Additionally, when International sold certain of its newspapers to Community Newspaper Holdings, Inc. ("CNHI") for $472 million, $50 million of the purchase price was in consideration for a non-compete agreement. Although Inc. is a holding company and does not actually publish newspapers (and thus not a threat to compete), Defendants had Inc. included as a signatory in the non-compete agreement. Then without obtaining approval of International's independent directors or disclosing this transaction to the Company's "public non-controlling shareholders," Defendants caused $12 million of the $50 million non-compete payment to be wired to Inc. (Id. at ¶¶ 82, 289-90.)

  After fraudulently obtaining $14 million from the above non-complete payments, Defendants transferred the money back to International as repayment for a prior loan. Defendants, however, did not disclose the fact that they repaid the loan with International's own money. Likewise, Defendants had International issue a material misstatement in its 2000 10-K annual report by reporting that a redemption of stock, not the fraudulent non-compete payments, extinguished the loan. (Id. at ¶¶ 83, 291)

  Defendants also brought about the sale of other publications owned by International to Defendant Horizon Publications, Inc. ("Horizon") for $43.7 million, which included a $5 million payment for a non-compete agreement. Although Inc. was not a threat to compete, it signed the non-compete agreement, after which Defendants caused International to transfer $1.2 million of the $5 million payment to Inc. When this transaction was presented to the board by Defendants, they did not disclose the $1.2 million payment to Inc. Likewise, this payment was never disclosed to the "majority non-controlling shareholders." (Id. at ¶¶ 84-85, 294.)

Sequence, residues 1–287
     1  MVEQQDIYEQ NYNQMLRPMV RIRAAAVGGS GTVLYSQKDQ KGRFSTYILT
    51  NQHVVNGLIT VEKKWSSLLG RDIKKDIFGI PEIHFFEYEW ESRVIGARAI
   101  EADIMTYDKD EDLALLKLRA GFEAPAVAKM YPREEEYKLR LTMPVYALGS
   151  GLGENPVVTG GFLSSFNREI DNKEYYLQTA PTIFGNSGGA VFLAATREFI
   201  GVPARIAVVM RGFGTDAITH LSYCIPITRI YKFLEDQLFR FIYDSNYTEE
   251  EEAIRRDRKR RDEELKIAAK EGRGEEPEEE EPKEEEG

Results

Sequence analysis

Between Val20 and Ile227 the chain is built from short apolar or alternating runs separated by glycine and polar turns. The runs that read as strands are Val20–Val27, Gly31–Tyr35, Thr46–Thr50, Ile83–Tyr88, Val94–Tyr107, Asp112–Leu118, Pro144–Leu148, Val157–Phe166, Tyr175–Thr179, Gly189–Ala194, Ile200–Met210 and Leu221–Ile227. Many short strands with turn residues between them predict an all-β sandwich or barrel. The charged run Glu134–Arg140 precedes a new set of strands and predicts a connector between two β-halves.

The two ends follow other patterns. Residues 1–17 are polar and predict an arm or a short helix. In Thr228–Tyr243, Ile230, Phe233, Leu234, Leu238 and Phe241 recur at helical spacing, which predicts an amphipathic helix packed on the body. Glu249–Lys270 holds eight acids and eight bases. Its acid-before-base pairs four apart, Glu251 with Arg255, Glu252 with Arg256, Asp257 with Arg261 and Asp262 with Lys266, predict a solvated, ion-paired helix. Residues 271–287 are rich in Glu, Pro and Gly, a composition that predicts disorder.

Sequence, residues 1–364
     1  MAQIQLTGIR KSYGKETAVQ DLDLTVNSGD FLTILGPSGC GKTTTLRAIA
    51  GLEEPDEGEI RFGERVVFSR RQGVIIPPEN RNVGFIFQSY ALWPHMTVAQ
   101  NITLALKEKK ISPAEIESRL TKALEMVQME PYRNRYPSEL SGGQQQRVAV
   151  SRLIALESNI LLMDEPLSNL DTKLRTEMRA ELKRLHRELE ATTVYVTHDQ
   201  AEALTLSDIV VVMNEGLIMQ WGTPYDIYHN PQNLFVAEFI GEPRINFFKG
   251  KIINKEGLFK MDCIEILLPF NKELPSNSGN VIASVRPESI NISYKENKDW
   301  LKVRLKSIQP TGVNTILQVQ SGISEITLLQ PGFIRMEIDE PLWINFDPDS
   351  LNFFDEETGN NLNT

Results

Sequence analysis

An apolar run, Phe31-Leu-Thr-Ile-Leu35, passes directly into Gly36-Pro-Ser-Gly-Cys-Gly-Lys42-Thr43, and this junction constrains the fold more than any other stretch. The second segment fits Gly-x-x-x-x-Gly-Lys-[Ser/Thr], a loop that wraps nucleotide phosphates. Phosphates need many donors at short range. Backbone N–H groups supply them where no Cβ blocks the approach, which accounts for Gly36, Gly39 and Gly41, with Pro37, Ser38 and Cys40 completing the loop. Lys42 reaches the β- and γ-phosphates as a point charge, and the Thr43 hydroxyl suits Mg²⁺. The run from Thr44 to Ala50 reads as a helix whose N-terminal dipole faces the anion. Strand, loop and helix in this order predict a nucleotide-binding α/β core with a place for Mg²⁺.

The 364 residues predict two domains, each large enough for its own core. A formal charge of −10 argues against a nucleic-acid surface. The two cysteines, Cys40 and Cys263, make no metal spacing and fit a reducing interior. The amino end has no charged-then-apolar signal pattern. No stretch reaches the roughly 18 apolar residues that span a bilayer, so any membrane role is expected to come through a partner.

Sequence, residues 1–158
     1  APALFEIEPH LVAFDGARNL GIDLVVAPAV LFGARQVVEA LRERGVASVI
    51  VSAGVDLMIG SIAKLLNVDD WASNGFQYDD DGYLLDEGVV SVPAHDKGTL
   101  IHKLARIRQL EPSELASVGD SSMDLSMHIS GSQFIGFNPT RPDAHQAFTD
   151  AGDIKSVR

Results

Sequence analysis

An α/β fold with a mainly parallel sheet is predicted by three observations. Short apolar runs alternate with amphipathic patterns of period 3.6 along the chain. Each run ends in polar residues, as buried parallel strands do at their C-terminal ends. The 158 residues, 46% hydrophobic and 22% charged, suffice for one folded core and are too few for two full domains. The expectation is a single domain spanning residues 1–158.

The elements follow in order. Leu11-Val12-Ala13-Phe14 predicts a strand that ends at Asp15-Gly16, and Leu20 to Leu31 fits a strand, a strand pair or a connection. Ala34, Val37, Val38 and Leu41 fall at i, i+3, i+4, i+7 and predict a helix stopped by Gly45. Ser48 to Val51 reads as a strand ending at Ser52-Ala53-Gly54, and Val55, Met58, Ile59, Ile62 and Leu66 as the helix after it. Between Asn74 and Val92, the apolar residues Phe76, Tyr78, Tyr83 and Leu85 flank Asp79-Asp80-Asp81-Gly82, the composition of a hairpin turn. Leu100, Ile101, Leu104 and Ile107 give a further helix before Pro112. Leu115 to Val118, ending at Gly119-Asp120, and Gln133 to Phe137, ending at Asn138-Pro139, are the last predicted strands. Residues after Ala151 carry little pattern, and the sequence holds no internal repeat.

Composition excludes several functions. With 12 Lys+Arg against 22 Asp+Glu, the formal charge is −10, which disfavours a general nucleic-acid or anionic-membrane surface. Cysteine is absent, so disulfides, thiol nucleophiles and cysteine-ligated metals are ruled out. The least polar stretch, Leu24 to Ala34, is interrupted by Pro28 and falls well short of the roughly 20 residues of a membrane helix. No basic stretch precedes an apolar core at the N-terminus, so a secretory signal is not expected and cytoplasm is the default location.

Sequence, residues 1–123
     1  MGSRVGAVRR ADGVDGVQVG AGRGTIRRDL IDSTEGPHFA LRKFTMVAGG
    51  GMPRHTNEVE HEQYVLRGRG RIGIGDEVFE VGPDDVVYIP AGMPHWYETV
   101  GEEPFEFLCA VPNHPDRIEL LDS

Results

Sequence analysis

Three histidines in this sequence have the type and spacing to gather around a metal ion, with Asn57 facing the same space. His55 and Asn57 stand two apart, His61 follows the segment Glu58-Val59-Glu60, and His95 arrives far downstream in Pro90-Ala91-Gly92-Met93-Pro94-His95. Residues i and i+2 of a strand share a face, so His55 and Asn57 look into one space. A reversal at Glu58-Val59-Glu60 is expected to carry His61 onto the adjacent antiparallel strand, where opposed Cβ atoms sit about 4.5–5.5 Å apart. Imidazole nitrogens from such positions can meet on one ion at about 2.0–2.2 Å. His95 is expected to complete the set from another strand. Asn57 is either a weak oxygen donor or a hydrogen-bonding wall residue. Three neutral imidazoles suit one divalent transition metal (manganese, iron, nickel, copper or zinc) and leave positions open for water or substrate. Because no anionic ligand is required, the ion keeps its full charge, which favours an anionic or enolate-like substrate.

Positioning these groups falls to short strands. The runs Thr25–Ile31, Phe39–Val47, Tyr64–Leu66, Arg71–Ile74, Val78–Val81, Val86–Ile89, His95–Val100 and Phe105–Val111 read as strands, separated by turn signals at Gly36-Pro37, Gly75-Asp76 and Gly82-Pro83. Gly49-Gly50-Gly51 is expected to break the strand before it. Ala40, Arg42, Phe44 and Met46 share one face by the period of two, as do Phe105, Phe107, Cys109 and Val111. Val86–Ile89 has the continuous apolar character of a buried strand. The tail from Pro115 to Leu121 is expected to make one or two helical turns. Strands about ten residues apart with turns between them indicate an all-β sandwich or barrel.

In 2001, International sold all of its Canadian newspapers — over 200 — to Can West Global Communications Corp. ("Can West") for $2.33 billion. Included in this purchase price was a payment for $52.9 million for an agreement not to compete. Although Defendants were not signatories to the Can West non-compete agreement, they induced International to transfer to them the entire $52.9 million, plus interest. To get approval from International's board for this payment, Defendants made numerous material misrepresentations and omissions. In an attempt to hide this misappropriation, Defendants forced International to make materially false misstatements and omissions in its SEC filings and in public statements. For example, when Defendant Black was confronted with this transaction at International's annual shareholders' meeting, he made several false public statements to hide the fraudulent and unfair nature of the Can West payments. In addition to the non-compete payments, International alleges that the Can West transaction was "[un]fair to [International's] public non-controlling shareholders." (Id. at ¶¶ 98-120, 306-08.)

  Horizon Transactions

  In orchestrating the above $43.7 million sale to Horizon, Defendants failed to disclose, as required by law, their significant ownership interest in Horizon. This omission was particularly important given that International's assets were sold to Horizon at well "below fair market value," resulting in a loss for International and a windfall for Defendants. (Id. at ¶¶ 84-85, 184-193, 197-209, 292-94.)

  Defendants also effectuated the sale of millions of dollars in other assets to Horizon at well "below fair market value." Like the other Horizon transaction, Defendants failed to disclose its ownership interest in Horizon to International's board, its shareholders, or in International's SEC public filings. Additionally, Defendants caused International to make materially false statements in its SEC filings by asserting that these ...